“I would do the same thing again,” Cashman said.
“I went home Thursday night, thinking we had a deal with the Yankees,” Armstrong told the Seattle Times. “Pending an exchange of the physical information of the players involved. The next morning, when we got into the details of the physicals of the players involved, one of the players that was coming to us from the Yankees was disabled, and based upon the best medical information that our team medical director, Edward Khalfayan, had, he recommended that we not proceed.
“Jack (Zduriencik) and his people then spent some time with the Yankees trying to come up with an alternative player, or players, to replace that player. Or even players to be named later. If we could come up with that. In the meantime, other clubs became involved. The White Sox, Minnesota and Texas to name a few.”
Given the end results, it’s easy to second guess and wonder if Cashman should have agreed to the changes – apparently adding either Ivan Nova or Eduardo Nunez to the deal – but from an outside perspective, the whole thing seems odd. From the Mariners perspective, they were really shocked that Adams had a bad ankle? From the Yankees perspective, Nova or Nunez was a deal breaker?
It just doesn’t add up, and that’s coming from a guy who really likes both Nova and Nunez. Truth is, these deals generally have more to do with the biggest names involved, and if the Mariners preferred Smoak over Montero, then Lee was always going to end up in Texas.
Was it a turning point for the Yankees season? It very well could have been, but it also could have been Cashman being taken for a ride and refusing to participate.
“When you put yourself in a position to make decisions like that, you make them and you live with them,” Cashman said.
Associated Press photo of Lee
World Series Game 1 notes and lineups • 10.27.10
My guess is you were more excited about this day when it was happening a year ago.
No Yankees in this year’s Series, but tonight is a premier pitching matchup for all baseball fans. That is, of course, assuming you can actually watch the World Series.
“It’s going to be kind of hard unless FOX and Cablevision (reach an agreement),” Joe Girardi said. “I did put on Game 6 (of the NLCS) on my computer. I will watch parts of it, I’m sure. It’s kind of hard to be a baseball guy and not watch it. There are times that the games start and you put the kids to bed. But I’ll watch it.”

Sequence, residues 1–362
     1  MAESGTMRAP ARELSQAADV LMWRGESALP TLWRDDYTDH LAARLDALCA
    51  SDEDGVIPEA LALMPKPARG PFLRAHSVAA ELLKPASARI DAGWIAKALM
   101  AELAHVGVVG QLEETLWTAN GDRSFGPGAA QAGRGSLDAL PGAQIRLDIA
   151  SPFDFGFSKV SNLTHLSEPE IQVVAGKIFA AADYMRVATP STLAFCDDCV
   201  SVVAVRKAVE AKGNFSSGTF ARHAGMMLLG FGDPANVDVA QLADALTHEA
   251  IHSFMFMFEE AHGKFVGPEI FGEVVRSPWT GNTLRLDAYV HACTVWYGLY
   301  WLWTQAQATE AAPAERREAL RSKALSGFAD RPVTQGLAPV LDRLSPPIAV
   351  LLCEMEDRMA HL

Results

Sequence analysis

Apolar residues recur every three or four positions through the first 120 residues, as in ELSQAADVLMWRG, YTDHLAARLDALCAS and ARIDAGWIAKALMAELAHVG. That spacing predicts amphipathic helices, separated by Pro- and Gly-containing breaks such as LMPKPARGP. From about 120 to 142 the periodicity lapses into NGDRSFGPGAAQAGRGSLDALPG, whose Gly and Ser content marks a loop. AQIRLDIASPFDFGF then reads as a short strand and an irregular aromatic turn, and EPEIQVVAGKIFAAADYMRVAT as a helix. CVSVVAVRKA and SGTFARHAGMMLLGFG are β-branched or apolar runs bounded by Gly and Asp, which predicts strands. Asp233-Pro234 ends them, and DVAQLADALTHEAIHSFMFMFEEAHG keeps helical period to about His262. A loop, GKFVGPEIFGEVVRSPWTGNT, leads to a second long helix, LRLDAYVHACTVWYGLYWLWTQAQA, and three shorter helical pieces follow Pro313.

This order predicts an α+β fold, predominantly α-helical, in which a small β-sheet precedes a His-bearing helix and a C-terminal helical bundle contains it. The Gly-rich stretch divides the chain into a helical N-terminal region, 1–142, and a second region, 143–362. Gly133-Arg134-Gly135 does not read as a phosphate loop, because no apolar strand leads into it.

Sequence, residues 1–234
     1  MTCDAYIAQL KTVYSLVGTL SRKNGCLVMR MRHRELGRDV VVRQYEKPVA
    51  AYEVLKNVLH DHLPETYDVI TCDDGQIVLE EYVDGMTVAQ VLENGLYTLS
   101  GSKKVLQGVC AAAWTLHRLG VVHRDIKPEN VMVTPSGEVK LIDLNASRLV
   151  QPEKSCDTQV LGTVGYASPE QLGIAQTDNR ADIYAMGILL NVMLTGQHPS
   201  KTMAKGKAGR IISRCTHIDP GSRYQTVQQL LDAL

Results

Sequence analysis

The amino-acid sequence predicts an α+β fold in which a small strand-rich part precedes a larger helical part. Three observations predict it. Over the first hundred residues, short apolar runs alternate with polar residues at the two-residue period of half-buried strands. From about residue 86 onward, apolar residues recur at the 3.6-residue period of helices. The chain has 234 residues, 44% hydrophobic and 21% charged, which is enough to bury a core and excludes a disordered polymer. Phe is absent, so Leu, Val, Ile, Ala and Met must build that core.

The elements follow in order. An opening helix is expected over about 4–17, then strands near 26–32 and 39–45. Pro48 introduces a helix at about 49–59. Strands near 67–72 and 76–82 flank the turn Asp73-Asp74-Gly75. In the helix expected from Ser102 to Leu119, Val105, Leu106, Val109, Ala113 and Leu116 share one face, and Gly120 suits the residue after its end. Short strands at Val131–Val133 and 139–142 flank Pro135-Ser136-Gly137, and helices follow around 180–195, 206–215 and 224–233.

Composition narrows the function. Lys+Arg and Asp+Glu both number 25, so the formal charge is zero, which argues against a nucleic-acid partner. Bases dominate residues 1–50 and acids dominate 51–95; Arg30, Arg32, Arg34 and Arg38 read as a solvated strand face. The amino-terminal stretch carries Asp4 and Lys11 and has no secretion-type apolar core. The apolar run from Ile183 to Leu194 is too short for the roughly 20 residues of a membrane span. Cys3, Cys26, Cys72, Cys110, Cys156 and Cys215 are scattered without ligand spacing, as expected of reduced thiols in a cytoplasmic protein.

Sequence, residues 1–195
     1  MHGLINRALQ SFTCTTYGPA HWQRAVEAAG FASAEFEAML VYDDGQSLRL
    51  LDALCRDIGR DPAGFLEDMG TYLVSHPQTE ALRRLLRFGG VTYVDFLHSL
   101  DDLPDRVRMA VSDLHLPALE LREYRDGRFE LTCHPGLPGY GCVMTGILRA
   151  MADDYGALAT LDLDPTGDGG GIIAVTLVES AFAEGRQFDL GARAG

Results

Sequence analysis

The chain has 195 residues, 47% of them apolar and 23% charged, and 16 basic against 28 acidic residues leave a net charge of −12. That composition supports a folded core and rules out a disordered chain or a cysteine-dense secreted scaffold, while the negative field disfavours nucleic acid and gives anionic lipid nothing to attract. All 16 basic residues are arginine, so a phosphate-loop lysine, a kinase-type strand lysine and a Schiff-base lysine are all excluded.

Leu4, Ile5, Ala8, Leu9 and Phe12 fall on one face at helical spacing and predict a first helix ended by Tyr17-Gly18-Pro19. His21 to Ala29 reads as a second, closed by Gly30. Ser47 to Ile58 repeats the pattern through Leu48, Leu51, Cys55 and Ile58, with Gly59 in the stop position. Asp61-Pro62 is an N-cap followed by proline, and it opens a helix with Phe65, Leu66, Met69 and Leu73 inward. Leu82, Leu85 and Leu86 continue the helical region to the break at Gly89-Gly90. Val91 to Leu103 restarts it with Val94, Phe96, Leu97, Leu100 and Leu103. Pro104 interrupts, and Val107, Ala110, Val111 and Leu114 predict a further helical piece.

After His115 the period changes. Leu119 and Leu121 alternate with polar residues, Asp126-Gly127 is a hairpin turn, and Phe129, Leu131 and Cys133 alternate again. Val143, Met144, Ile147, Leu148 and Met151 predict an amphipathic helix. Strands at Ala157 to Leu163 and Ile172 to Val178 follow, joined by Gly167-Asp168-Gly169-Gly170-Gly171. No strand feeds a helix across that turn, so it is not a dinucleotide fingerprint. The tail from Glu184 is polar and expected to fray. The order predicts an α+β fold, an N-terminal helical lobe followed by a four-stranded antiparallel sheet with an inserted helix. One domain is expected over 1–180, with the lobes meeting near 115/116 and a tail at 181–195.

Girardi and I are in the same boat. I’ll either find a local establishment where I can watch the game, or I’ll follow along online. Either way, it’s Game 1 of the World Series. Yankees or no Yankees, it’s worth seeing.
• For those of you who can watch: Pregame coverage on FOX begins at 7:30 p.m. First pitch is scheduled for 7:57.
• The ceremonial first pitch will be a collective effort from Orlando Cepeda, Monte Irvin, Juan Marichal, Willie Mays, Willie McCovey and Gaylord Perry.
• Major League Baseball just passed along the lineups for both teams.
Elvis Andrus SS
Michael Young 3B
Josh Hamilton CF
Vlad Guerrero RF
Nelson Crus LF
Ian Kinsler 2B
Bengie Molina C
Mitch Moreland 1B
Cliff Lee LHP
Andres Torres CF
Freddy Sanchez 2B
Buster Posey C
Pat Burrell LF
Cody Ross RF
Aubrey Huff 1B
Juan Uribe 3B
Edgar Rentaria SS
Tim Lincecum RHP
That’s a cool Associated Press picture of Cody Ross
As expected, the Yankees have declined the option to extend the contracts of Kerry Wood, Lance Berkman and Nick Johnson through next season. All three will become free agents.
Two days ago, Brian Cashman said to expect these moves, and given the money involved, there was never any reason to believe the Yankees would pick up any of the three options.
The Yankees did exercise the option in Andrew Brackman’s contract. That’s more of a paper move than anything, even more obvious than turning down the three veterans. When Brackman signed a Major League contract in 2007, it was a four-year deal with club options for 2011, 2012 and 2013. Barring something shocking, all three of those options will be picked up.
The Yankees have announced the date and the expected recovery time for CC Sabathia’s knee surgery.
Sabathia has a small meniscus tear in his right knee. He will undergo arthroscopic surgery on Friday. It will be performed by Dr. Christopher Ahmad at New York-Presbyterian Hospital.